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'David Makes Man' is a Poignant Coming of Age Story from the Writer of 'Moonlight'
August 14, 2019  | By Mike Hughes
 


For many people, childhood means inhabiting multiple worlds.

That can be a good thing, molding an actor or author, a politician or salesman. Or it can be an ordeal.

The latest example is David Makes Man (Wednesday, 10 p.m. ET), the Oprah Winfrey Network series about a 14-year-old bouncing between a housing project and a magnet school. It's fictional – except when it's not.

"I don't think I've created anything, ever (that) doesn't have some intimate reflection of my experience," Tarell Alvin McCraney, the Oscar-winning writer (Moonlight) said during a Television Critics Association Summer Press Tour session. He grew up "dirt poor," commuted to Miami's elite New World School of the Arts and became an Ivy Leaguer.

That sort of multi-world childhood seems to be frequent among creative people and others.

Winfrey herself has described bouncing from Mississippi to Milwaukee to Tennessee, ranging from poverty to being a star in church and the media. Others have had similar stories.

"Code-switching became something I'm very, very good at," actress Poppy Liu said

That's the art of adapting to different places, in her case ranging from Shanghai to Minnesota, from Old World settings to dancing at the Mall of America. "Being able to be a chameleon and morph into different spaces was, I think, a survival skill since I was young."

It's the sort of skill required in the real life of McCraney and the fictional life of the boy he created.

McCraney grew up in Liberty City, the low-income Miami neighborhood known for rappers, football stars and last year's Warriors of Liberty City documentary.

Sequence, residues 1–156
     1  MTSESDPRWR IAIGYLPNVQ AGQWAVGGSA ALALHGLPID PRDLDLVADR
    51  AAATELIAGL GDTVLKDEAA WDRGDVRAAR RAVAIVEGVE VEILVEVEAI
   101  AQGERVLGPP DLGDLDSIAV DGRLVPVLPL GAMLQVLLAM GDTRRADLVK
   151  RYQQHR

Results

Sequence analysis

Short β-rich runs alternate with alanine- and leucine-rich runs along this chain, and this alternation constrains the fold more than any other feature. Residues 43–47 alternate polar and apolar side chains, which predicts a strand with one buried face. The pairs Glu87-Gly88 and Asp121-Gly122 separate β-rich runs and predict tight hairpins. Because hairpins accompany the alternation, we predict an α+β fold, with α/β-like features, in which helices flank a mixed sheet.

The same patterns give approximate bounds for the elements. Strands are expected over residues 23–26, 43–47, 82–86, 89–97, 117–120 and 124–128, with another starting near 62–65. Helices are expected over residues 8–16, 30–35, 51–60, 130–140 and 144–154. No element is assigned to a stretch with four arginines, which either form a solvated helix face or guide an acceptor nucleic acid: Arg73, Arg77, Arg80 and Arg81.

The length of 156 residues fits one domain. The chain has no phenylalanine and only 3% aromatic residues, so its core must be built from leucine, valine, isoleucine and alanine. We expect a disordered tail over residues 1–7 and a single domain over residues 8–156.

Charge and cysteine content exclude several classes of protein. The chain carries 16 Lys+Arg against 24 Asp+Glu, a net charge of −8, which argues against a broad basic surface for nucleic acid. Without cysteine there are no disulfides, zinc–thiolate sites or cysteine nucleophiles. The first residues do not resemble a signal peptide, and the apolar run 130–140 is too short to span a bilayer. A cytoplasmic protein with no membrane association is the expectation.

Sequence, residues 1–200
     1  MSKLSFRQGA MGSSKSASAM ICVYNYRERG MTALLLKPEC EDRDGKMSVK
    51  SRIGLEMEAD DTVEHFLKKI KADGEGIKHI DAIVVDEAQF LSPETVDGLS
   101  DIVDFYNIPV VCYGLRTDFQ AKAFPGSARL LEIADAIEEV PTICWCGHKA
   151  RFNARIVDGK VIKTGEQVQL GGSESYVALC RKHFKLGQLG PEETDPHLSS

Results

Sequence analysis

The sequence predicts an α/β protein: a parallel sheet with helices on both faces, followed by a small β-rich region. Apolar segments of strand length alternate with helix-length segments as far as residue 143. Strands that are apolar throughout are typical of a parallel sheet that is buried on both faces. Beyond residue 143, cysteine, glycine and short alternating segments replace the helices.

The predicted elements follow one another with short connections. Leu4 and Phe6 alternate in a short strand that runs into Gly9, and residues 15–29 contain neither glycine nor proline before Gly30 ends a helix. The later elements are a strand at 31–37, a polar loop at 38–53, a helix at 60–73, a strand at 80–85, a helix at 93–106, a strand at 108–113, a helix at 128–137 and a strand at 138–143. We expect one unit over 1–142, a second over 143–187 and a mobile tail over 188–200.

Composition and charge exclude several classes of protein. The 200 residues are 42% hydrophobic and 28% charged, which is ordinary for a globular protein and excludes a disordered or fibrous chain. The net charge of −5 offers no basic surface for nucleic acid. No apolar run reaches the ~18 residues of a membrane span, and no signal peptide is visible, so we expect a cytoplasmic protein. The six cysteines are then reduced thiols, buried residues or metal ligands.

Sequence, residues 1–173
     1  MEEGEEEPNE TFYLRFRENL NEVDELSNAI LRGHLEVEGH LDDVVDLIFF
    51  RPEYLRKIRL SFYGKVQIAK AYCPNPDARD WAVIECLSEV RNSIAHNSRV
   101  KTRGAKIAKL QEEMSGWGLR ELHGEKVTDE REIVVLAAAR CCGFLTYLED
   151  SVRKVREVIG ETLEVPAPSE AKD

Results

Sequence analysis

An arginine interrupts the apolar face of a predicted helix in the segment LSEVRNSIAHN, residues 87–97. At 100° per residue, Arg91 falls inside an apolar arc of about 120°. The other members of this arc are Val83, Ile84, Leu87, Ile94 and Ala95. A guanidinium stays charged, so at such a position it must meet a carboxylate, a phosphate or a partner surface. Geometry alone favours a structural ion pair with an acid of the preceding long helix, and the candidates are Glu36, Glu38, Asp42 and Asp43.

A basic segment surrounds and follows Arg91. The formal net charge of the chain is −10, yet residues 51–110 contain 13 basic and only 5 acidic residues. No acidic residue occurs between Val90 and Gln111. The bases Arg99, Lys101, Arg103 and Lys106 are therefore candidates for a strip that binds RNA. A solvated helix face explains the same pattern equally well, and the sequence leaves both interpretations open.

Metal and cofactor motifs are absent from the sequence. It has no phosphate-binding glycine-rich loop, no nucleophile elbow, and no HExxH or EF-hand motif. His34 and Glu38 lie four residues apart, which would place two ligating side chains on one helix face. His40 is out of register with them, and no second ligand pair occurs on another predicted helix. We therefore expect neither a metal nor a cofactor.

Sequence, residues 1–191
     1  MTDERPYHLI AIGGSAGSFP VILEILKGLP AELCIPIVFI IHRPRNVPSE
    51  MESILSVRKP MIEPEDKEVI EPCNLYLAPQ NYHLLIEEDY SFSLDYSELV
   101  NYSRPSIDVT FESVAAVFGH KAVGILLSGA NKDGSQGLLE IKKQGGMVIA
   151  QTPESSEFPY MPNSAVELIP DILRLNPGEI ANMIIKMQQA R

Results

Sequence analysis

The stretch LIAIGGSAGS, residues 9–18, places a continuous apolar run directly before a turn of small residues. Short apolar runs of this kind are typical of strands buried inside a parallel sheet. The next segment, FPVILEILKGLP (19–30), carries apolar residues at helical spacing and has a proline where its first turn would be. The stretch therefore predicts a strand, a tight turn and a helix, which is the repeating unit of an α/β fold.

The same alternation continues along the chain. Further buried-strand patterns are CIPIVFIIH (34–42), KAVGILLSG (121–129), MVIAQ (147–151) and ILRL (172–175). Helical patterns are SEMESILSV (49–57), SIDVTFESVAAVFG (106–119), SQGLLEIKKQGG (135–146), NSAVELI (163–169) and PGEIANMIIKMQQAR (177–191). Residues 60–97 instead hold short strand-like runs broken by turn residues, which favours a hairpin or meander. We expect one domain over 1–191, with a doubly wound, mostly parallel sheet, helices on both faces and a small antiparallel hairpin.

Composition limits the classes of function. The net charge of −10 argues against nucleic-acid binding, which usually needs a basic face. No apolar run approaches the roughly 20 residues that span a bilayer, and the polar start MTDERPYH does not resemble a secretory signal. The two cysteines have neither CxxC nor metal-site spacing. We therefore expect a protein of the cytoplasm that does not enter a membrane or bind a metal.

Towering above other kids (he's now 6-foot-3 1/2), he was eyed for basketball. "I'm like, 'No, I actually wanted to be a prima ballerina.'"

Except, of course, he didn't say that out loud. Instead, he took daily excursions between worlds. "I would cross a border into a very white neighborhood and then take the bus to a very white school."

In his neighborhood, he said, people never discussed poverty. In his school, it came up often. 

"You go home with the understanding that where you come from is less-than, somehow."

At 14, he told a teacher that he was depressed. The response: "Well, you're a big guy. You'll be OK."

But the New World School of the Arts was also a top place to study. He won the Dean's Award for theater. He went on to DePaul and then to the Yale School of Drama where he won the Cole Porter Playwriting Award. Other awards have followed, including a MacArthur Fellowship and the Oscar for co-writing Moonlight, adapting his own play.

At 38, McCraney chairs Yale's playwriting program. In David Makes Man, he has David imagining – and talking to – someone who simply isn't there.

"If I didn't have the sort of dexterity of my imagination," he said, "I wouldn't have survived. What does it mean to use your imagination to survive...When does it go too far?"

Those are questions David may face in his shape-shifting, code-switching life.

 
 
 
 
 
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